Rafael Jovine’s review published on Letterboxd:
Maybe its because I'm someone from a country where countless coups have plunged the country into such dire straits to the point we celebrate up to four days of independence. Maybe that's why I distrust those who seek to bring about change to some extent, since behind those good intentions may lie the desire to become like those who they seek to overthrow. Not always, but often.
These feelings flooded my head as I watched this excellent film opening with the assassination attempt on French politician Charles de Gaulle. Many people wanted to see this man dead, but those who succeeded in doing so would have done the same or worse job. History wouldn't have been the same and France would not have been the same. The police, who have always come under strong criticism by the society for very good and justified reasons, emerge as heroes at times like these. The stability of an entire nation relies on the hunt for this mercenary who'd labeled as the "Jackal." Fred Zinnermann manages to translate this alarming tension through the movie effectively. He is more of a walking time bomb than a murderer.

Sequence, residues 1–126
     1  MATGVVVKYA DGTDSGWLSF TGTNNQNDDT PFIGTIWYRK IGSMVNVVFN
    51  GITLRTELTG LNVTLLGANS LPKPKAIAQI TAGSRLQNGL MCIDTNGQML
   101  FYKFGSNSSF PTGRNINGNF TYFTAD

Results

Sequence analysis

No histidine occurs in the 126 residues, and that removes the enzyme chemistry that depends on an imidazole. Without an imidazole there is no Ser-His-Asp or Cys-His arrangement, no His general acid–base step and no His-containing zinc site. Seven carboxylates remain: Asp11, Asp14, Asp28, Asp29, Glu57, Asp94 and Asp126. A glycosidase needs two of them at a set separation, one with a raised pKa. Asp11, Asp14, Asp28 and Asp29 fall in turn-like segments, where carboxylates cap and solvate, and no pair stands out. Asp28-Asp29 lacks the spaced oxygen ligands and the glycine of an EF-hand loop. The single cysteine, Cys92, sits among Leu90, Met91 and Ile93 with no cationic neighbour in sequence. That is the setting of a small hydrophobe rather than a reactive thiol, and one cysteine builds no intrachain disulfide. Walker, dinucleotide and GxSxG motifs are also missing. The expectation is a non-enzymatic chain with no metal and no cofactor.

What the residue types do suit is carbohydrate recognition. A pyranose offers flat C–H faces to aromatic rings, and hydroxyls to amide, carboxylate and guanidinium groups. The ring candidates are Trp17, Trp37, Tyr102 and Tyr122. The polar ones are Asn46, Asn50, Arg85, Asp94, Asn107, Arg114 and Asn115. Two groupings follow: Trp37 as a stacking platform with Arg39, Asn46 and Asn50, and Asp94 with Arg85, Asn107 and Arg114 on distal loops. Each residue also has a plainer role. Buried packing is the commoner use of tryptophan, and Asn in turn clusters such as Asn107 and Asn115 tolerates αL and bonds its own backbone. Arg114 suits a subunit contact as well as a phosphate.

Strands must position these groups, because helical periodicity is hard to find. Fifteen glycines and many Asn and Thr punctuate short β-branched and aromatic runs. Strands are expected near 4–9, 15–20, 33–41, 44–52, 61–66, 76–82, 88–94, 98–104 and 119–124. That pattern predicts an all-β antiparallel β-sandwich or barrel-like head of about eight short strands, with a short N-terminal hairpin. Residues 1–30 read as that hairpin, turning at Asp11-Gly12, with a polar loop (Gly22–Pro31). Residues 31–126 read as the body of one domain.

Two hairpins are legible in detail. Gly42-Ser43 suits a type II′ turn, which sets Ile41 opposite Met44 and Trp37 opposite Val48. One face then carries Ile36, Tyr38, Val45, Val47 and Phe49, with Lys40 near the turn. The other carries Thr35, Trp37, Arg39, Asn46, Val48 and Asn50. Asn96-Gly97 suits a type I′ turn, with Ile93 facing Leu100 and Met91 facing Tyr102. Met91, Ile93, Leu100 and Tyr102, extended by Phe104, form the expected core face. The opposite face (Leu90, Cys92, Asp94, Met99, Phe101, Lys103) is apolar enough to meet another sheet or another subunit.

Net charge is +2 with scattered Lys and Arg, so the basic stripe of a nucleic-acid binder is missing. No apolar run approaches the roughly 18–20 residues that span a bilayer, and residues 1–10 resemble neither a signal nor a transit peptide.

This is something that Edward Fox understands and conveys through his performance. There is the coldness of a man of his trade, a man who cannot afford to show any emotion. But, like almost any sociopath, he is also capable of faking charisma. Michael Lonsdale and his team are both good detectives who are actively searching for this individual, leading to an intriguing game of cat and mouse.
Zinnermann employs techniques typical of the spy and thriller genres of the 70s with a series of zooms, panning shots and a brilliant blocking job. In some ways, he succeeds in doing what Melville did when he set out to make these incredibly frightening thrillers using nothing more than a great script, great performances, and simple but effective and wonderful cinematography.
All in all, despite its lack of music and slow burn pacing, fans of Melville or Spielberg's "Munich" owe this one a watch.